Culture of Death
I’ve been reading The Difference God Makes by Francis Cardinal George. It’s a fantastic read. If you don’t have it pick it up, pronto. In it he references John Paul II’s Evangelium vitae extensively in the first two chapters (as that’s all I’ve been through). JPII talks about the “Culture of Death” that permeates much of society, including the US.
While I’ve heard of this reference before, Cardinal George really does a great job of drawing it out and it ended up helping me put words to observations I’ve had myself. Specifically, how much of what we see on television is about violence, murder, and death. So I did a little research and went through the primetime lineups of the Big 3 broadcast networks (ABC,CBS,NBC).
All told they program 45 hours of primetime Monday through Friday. I ended up looking at all of their primetime programming and looked at programs where murder was at the heart of the plotline for the show. For this research I actually looked at the plot synopsis for the show as listed in the directv.com channel guide. These results also include 20/20 and Dateline, as those two shows were planning on shows about murder.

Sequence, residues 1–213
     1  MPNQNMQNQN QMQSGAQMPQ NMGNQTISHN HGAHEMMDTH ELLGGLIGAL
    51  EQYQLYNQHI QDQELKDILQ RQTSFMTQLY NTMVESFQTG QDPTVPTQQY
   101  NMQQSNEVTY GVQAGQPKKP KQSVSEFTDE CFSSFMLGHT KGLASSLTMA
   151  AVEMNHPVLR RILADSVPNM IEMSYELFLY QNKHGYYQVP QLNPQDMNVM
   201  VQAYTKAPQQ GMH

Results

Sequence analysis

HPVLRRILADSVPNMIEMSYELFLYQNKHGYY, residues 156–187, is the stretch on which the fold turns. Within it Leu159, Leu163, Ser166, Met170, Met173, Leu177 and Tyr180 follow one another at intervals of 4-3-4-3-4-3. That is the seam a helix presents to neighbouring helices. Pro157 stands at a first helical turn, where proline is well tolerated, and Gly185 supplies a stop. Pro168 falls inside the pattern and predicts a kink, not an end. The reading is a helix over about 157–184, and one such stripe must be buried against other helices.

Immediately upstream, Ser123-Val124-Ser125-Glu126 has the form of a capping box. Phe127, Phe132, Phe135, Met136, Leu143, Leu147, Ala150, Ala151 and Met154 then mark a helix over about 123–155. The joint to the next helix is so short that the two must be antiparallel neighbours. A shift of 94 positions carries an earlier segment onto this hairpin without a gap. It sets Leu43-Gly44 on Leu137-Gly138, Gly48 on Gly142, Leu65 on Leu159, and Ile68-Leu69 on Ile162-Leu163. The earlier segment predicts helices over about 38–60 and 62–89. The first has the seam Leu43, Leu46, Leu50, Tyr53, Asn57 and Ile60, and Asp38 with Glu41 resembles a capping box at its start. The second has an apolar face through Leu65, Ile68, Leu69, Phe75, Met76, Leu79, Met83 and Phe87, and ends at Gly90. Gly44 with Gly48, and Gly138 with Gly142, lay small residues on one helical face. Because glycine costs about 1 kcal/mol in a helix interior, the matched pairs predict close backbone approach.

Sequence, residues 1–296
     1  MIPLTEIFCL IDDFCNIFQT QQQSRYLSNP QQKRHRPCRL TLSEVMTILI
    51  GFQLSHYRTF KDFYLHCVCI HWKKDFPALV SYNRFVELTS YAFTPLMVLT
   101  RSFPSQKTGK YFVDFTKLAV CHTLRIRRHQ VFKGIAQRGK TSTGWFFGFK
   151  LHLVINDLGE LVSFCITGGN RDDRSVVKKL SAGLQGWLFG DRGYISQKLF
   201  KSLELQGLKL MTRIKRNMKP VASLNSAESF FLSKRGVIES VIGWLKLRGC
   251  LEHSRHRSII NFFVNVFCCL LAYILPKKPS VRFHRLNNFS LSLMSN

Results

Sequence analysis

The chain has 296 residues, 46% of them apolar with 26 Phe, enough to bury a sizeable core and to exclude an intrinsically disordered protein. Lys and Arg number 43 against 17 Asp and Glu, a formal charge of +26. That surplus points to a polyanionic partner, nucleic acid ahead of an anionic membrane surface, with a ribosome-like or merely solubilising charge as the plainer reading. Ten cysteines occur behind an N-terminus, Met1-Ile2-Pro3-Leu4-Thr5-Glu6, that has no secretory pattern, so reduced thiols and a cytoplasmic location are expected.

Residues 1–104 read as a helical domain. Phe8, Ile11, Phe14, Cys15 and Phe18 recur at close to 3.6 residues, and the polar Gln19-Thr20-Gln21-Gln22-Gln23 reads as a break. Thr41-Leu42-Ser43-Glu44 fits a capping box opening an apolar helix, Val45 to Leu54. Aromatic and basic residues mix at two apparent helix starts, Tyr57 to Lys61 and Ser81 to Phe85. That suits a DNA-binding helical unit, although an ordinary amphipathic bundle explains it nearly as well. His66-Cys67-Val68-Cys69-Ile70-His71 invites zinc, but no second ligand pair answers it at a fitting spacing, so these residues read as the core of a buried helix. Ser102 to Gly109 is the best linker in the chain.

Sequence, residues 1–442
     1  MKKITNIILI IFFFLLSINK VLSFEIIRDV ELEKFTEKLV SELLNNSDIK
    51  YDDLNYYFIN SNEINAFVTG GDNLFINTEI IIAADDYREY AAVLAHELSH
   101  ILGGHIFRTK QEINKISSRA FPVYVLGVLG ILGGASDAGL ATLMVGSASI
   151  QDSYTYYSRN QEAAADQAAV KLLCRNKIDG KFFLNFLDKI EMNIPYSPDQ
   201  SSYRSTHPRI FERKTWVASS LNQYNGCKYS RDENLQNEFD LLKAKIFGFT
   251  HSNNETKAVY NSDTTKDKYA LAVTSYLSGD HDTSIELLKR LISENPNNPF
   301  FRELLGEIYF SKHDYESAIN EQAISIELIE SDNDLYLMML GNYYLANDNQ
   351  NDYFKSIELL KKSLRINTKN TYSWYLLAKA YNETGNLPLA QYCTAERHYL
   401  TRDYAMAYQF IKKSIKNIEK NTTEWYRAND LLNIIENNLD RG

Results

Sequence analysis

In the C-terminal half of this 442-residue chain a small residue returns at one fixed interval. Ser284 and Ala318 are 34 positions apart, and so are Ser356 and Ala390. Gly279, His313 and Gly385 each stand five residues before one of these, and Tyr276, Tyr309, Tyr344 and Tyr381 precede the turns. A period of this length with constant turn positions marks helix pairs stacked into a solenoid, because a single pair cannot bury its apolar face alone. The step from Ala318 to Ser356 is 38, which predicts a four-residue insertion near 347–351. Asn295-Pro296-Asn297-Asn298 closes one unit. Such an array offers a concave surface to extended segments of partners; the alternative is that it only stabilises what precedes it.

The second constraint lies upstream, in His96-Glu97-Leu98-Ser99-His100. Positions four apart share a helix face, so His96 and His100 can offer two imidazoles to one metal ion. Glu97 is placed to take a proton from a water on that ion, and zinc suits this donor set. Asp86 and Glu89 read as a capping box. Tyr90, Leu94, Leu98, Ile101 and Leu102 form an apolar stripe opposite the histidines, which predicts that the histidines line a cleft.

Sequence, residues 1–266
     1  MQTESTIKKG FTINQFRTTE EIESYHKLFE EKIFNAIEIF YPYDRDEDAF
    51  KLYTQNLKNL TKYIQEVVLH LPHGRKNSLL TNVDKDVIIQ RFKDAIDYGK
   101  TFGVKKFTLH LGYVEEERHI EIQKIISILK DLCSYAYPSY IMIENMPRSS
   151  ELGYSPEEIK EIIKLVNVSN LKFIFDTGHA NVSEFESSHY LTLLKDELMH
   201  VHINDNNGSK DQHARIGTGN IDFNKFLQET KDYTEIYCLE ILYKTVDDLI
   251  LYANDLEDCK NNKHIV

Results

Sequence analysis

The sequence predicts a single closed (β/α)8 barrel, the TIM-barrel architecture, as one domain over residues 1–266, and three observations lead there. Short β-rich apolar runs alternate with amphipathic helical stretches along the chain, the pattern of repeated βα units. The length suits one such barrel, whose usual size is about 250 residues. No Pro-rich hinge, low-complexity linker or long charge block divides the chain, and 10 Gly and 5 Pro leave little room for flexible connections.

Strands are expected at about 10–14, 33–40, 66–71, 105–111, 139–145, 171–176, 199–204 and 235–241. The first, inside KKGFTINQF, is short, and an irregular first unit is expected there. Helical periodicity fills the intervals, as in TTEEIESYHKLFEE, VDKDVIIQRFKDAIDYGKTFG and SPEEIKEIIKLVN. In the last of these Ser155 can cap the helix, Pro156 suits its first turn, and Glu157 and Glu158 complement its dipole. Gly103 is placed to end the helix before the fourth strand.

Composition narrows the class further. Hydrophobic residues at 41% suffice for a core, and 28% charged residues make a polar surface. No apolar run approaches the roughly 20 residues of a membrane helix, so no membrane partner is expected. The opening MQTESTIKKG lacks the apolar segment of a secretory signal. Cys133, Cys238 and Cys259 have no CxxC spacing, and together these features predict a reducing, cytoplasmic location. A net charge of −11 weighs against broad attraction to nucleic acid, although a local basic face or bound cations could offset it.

All told 31% of all primetime broadcasts (14 hours) deal with murder. If you make death a broad term and add in medical dramas which often deal with patients dying, that number goes to 35% (16 hours).
If you single out the 9pm CST hour, where 15 hours of “dramatic” programming is found that number jumps to 40% (6 hours) For 9pm the percentage is 53% when factoring in medical dramas (8 hours).
Don’t forget these numbers don’t include shows that deal with other extremely violent situations such as rape (there were two other hours of Law and Order and an episode of Medium that dealt with rape). When you start to add those shows in over half of what you see on the big 3 in primetime deals with extreme criminal violence and murder. Those numbers are incredibly eye opening.
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And video games? Is there a way to even count the violence?